Expectations for the upcoming UN climate change summit in Paris are higher than they’ve been in years. Experts expect it will be the best chance to achieve a binding, universal agreement to limit carbon emissions. But the conference is still not getting the attention it deserves from policymakers and the public, given the stakes – and not just for the environment but for the international system writ large, said Nick Mabey, founding director and chief executive of the UK-based environmental NGO E3G at the Wilson Center on February 12. » More
Since the Obama administration announced the establishment of diplomatic relations with Cuba, it’s common to hear people talk about what will happen “now that the embargo has ended.” The new measures are significant for the tone that they set, and there are some concrete changes that will result. It will be easier for certain limited categories of US citizens to travel to Cuba, and the tension between the two governments is somewhat reduced. But the embargo is still very much in place. » More
This article was originally published by the Center for International Maritime Security (CIMSEC) on 31 March 2015.
Although the Saudi-led Operation RESOLUTE STORM (alternately translated as DECISIVE STORM) began with air strikes into Yemen on March 26 and continue as of this writing, the heightened level of regional activity also includes maritime operations. These national and multi-national operations highlight the importance of naval platforms and presence. Yemen is strategically located with the heavily-trafficked Red Sea to its west and the Gulf of Aden along its southern coast. Some twenty thousand ships transit the Gulf of Aden annually. Yemen’s ports have been largely closed to commercial traffic. » More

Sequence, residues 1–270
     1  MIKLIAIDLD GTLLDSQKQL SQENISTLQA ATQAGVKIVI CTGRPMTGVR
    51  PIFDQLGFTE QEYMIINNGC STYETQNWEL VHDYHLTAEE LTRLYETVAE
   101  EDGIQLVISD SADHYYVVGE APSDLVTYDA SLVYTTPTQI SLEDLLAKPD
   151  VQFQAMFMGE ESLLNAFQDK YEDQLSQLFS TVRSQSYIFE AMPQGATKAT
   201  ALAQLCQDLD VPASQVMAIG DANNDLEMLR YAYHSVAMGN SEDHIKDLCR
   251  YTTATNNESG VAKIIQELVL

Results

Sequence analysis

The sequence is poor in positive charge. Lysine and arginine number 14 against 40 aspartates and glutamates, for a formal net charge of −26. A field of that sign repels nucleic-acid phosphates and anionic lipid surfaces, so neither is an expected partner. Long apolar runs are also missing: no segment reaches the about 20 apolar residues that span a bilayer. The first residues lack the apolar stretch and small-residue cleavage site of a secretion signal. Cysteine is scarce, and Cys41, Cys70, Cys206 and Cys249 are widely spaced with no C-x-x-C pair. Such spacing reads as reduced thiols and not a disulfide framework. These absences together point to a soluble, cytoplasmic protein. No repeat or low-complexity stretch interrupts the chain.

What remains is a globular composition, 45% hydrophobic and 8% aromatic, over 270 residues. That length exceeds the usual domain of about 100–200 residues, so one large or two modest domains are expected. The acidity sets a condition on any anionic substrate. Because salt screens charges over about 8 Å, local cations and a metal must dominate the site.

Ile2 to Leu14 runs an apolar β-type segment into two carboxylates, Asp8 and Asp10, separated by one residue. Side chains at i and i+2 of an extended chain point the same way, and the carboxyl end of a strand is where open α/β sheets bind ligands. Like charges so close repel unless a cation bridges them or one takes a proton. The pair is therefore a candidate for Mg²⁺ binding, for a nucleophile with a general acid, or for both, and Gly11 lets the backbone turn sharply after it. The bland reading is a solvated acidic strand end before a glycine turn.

This article was originally published by the Carnegie Council for Ethics in International Affairs on 25 February, 2015.
2014, 97 minutes. Nominated for Oscar for best Foreign Language Film.
For an American audience used to war movies with explosions, good guys and bad guys, and finite conclusions, the Oscar-nominated, Mauritanian film Timbuktu is a departure. The violence is never gratuitous, most of the jihadists seem like normal (albeit dangerously misguided) people, and, at the end, the fates of the eponymous city and several main characters are left hazy. The people who would most likely choose to see Timbuktu are already numbed by the constant stream of horrific news out of Syria, Nigeria, Pakistan, etc., so this low-key approach is the perfect strategy. We know about the executions, suicide bombings, and coalition airstrikes. But what we don’t realize is, perhaps, the main takeaway from the film: This type of militant extremism, more than anything else, is soul-crushingly boring for the occupied populations. » More